A part-time/fractional startup CFO has several key roles in a startup. Not only does the CFO serve as a financial advisor, but they can also help with financial modeling, reviewing financials every month and make sure everything is accurate, tighten up the budget when needed, and any board prep that may be required. They can also help with operational duties, including handling the insurance for the startup and managing any leases.
There really are a million things a startup CFO can do.
The cost to bring on a fractional CFO can vary by the level of experience that the CFO has, market conditions and the exact services that the startup needs.
CFO billing structure
Most startup CFOs tend to work with three or four clients, and charge in one of two ways:
Standard hourly rates typically range from $250 to $350 an hour. The rate is always negotiable, but keep in mind that startup CFOs are in pretty high demand right now, so the negotiation leverage is on their side. We’ve seen the best charging $400 an hour for smaller projects recently.
If the CFO is working on a fixed monthly fee, they will typically allocate one full day per week to their clients. They often will leave Fridays open as a day to spend more time with a particular client or provide more of an advisory service.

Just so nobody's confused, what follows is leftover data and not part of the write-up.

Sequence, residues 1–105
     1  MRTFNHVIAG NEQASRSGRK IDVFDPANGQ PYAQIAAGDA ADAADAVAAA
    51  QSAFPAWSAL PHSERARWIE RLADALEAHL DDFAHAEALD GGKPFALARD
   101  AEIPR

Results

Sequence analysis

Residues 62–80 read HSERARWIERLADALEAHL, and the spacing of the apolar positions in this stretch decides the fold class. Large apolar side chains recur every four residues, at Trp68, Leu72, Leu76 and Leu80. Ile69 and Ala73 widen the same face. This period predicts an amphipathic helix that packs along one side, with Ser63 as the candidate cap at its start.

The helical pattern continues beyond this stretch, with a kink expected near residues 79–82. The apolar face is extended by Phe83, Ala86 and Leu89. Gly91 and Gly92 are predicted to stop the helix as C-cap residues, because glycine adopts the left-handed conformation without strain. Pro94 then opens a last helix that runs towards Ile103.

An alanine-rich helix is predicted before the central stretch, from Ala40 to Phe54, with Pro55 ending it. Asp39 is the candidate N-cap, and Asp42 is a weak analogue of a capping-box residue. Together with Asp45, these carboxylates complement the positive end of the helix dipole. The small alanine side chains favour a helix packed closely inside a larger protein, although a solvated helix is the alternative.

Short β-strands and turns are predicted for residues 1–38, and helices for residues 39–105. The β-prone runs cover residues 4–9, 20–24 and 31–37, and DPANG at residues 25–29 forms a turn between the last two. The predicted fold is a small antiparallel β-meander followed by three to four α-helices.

So, to specifically answer the question:
What do part-time CFOs cost?
Fractional or part time CFOs either bill by the hour or at a fixed monthly price. Hourly rates vary from $250 to up to $400. Monthly costs usually entail one or more days a week specifically dedicated to the client’s business, and are usually $8,000 to $16,000 per month
Ensuring You Receive Services You Pay For
One thing all clients should do is validate that they aren’t hiring a startup CFO who is overextended and has taken on too many clients and responsibilities. You want the cost to be worth the ROI! Sometimes, CFOs are faced with mandates from their firm, requiring a certain number of clients per month. In those cases, they’re only able to spend a couple of hours a month with a client, especially smaller clients. We’ve seen this with smaller accounting firms that are overly focused on growth.
Most fractional CFOs got into the business because they want to help their clients, and especially help startups grow. So they recognize when they’re stretched too thin and aren’t adding value to your startup. The good CFOs will be honest and upfront and let you know that they’re too busy, but they’ll offer to check back in with you in six months or so. This is how we manage our practice at Kruze.
Given the current state of the market, CFOs are even harder to find.
Consider a One-Stop Shop Like Kruze
Sometimes when a startup founder says “I need a CFO,” they’re actually looking for financial modeling to share with their investors or raise capital for just that month. Or maybe they just need the monthly budget to actuals. Seeing where you’re overextended or where you may have spent too much money, or even under-investing, is very valuable.